Is your teaching practice sustainable? The answer I hear most from teachers is “no.” Teachers enter this profession determined to do it all – design and facilitate lessons, communicate with parents, monitor and track student progress, provide timely feedback, and grade everything

This unsustainable approach leaves teachers feeling tired and disillusioned. Disappointment in our work lives can wreak havoc on our personal lives. But what’s the solution? As educators, how do we empower ourselves to create boundaries both inside and outside the classroom? What strategies we can implement to reinforce those boundaries, day after day? 

As an educator with 16 years of teaching experience, I have dedicated the last several years to training, coaching, and supporting teachers. I want to help educators establish and maintain balance in their teaching practices and in their lives. In each episode of The Balance, I’ll talk with a different thought leader or educator. We’ll explore this complex issue and strive to find ways to achieve a healthier work-life balance.

In this episode of The Balance, I talk with Tiffany Wycoff, a mother, an educator, and an entrepreneur. We explore issues related to the balance or, more accurately, the imbalance of power and responsibility in classrooms. We question the current role many students occupy as passive consumers. We discuss the need to model a growth mindset for our students and what is needed to cultivate classrooms where we celebrate experimentation, risk-taking, and failing forward. We talk about the potential of technology to connect learners as opposed to isolating them. As advocates of blended learning, Tiffany and I explore both the pitfalls and potential of integrating technology into classrooms. 

If you are part of a professional learning community, the questions below are designed to facilitate a conversation–in person or online–about the issues discussed in this episode of The Balance.

  1. Have you had moments in your career when you struggled to engage your students? How did you respond to those moments? What strategies did you use to combat the students’ reluctance to lean into the learning?
  2. How do you stay current when it comes to new teaching strategies, instructional models, and technology tools? When and where do you learn–school organized professional development, engaging on social media, listening to podcasts, online courses, reading books or blogs? Which of these strategies have you found most useful in continuing your informal education?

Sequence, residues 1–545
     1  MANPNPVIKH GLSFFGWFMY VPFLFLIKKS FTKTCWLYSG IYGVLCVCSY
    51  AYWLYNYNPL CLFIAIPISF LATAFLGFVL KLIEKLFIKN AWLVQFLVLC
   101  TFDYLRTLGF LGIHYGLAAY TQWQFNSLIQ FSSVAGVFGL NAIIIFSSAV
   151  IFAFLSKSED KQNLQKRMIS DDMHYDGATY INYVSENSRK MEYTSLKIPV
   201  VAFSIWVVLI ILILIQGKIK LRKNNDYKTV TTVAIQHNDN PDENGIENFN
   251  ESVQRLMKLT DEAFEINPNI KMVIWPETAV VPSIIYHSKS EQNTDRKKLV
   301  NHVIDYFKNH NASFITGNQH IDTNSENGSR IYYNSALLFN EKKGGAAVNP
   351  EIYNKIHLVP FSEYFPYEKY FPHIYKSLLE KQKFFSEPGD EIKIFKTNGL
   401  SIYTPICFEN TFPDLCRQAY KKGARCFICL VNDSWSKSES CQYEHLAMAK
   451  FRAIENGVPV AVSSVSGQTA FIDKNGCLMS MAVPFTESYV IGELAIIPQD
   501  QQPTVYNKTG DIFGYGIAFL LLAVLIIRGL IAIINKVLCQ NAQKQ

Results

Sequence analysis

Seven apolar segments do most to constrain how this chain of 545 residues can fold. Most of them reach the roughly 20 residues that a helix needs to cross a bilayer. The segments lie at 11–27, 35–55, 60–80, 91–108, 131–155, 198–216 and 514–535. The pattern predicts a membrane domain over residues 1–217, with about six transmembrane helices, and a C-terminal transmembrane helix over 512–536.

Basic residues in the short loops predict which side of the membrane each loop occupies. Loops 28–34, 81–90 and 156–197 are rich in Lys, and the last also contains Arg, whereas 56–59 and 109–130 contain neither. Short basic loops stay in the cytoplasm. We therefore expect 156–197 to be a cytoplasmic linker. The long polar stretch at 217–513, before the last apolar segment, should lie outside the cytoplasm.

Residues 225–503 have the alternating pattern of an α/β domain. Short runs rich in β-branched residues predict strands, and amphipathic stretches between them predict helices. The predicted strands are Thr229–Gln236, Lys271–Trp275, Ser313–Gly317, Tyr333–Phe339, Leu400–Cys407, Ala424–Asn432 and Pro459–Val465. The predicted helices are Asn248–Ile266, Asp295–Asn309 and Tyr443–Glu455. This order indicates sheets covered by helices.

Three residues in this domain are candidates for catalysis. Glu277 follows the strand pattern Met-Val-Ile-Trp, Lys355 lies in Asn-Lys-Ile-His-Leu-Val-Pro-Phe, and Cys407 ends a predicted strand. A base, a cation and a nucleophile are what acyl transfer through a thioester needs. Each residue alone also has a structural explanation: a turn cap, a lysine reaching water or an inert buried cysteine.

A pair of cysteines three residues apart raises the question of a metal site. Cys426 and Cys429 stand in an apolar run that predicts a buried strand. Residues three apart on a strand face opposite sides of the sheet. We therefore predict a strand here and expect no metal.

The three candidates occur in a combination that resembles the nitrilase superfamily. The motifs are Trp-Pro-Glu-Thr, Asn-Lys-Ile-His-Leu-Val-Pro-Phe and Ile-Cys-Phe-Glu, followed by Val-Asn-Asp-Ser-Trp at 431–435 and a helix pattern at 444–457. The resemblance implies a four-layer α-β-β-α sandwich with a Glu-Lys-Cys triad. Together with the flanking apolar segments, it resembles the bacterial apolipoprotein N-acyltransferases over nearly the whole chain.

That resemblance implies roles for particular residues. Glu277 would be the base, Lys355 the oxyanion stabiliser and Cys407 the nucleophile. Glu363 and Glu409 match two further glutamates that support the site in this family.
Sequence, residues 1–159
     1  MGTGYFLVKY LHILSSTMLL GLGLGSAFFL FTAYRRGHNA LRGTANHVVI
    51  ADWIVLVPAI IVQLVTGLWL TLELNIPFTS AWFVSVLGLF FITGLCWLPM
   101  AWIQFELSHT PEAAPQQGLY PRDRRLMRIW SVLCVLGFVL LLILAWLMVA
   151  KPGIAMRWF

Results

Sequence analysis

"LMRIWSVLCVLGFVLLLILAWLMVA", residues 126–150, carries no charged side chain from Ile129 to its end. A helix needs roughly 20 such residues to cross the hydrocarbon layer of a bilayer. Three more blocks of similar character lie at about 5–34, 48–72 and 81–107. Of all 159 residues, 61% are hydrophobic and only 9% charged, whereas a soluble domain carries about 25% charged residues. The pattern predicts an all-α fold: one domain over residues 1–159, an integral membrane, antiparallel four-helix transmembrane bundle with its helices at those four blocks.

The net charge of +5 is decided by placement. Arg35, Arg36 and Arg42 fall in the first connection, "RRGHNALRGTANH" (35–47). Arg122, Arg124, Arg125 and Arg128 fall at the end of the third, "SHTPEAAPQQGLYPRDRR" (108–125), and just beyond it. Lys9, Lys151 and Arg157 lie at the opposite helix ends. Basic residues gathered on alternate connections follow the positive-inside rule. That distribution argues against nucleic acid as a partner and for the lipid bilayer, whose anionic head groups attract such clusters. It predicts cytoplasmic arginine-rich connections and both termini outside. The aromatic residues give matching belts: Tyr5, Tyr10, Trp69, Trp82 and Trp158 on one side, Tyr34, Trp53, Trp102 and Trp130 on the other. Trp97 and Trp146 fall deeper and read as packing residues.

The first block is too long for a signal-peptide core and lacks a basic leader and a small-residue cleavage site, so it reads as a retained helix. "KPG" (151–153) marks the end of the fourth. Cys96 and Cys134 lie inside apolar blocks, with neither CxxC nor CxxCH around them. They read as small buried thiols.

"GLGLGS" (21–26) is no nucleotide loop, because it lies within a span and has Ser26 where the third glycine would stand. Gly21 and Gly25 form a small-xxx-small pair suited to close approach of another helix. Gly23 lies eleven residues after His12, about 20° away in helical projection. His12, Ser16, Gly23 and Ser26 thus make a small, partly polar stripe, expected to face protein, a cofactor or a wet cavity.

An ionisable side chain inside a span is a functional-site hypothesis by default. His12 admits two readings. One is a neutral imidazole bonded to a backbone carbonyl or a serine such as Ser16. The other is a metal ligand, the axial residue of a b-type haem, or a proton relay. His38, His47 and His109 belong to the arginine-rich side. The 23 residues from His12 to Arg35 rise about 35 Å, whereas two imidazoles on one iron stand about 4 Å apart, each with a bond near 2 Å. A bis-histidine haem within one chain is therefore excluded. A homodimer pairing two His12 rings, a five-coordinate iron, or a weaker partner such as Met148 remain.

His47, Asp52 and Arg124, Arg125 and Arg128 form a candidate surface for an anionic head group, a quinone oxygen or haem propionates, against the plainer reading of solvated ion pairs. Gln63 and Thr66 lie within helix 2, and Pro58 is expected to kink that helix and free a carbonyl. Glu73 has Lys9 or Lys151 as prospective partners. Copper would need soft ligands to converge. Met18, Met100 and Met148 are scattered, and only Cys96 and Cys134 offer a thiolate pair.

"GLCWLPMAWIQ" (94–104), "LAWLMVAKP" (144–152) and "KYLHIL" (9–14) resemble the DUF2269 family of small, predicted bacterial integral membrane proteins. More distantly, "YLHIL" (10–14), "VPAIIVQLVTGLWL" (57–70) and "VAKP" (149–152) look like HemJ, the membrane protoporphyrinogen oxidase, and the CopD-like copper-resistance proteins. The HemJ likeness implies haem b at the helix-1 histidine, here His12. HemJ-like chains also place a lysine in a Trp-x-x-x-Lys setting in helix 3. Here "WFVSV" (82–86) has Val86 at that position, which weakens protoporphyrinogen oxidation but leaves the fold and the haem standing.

3. How do you currently use technology? What role do devices and technology tools play in your curriculum? Are you using technology primarily to transfer information and facilitate personalized practice? Do you use technology to engage students in the active construction of knowledge? If so, how?
  4. How do you model a growth mindset for your students? Are there strategies you use to create a classroom culture where taking risks and failing forward are encouraged and celebrated?
  5. What can teachers do to partner with their students and give them more responsibility and agency in the classroom? What would giving students more agency look like in a typical lesson? How might giving students more choice and voice impact your classroom culture?

Find The Balance on iTunesBreakerStitcher, and Podbean

Thank you to StudySync for producing and sponsoring this podcast! StudySync is committed to helping teachers find balance in their lives by providing them with a robust multimedia ELA platform that simplifies lesson planning, automatically differentiates tasks for learners at different skill levels and language proficiencies, and blends online and offline engagement to help students develop as thinkers, readers, writers, and speakers.

4 Responses

  1. Loved this podcast! Great ideas! I, personally, adopted your ideas about reviewing student work with the student (as opposed to doing it in isolation). Brilliant.

  2. Sorry, I haven’t listened to this, but read in Mindshift that you are evaluating student work as they do it. I am glad to hear this, as I know how happy I am doing this. I started last month giving open-ended quiz questions where I helped students as they answered.
    For example, if they left out that the sea otter is missing from the CA north coast ecosystem and only mentioned the missing starfish, I added sea otters. I teach biology to high school students who have previously flunked classes. We have smaller class sized in our program, so I can get to most students quickly. I also have been working real-time as they do reports. I’m thrilled with building a learning team through real-time help, so students see their points rising as we work.

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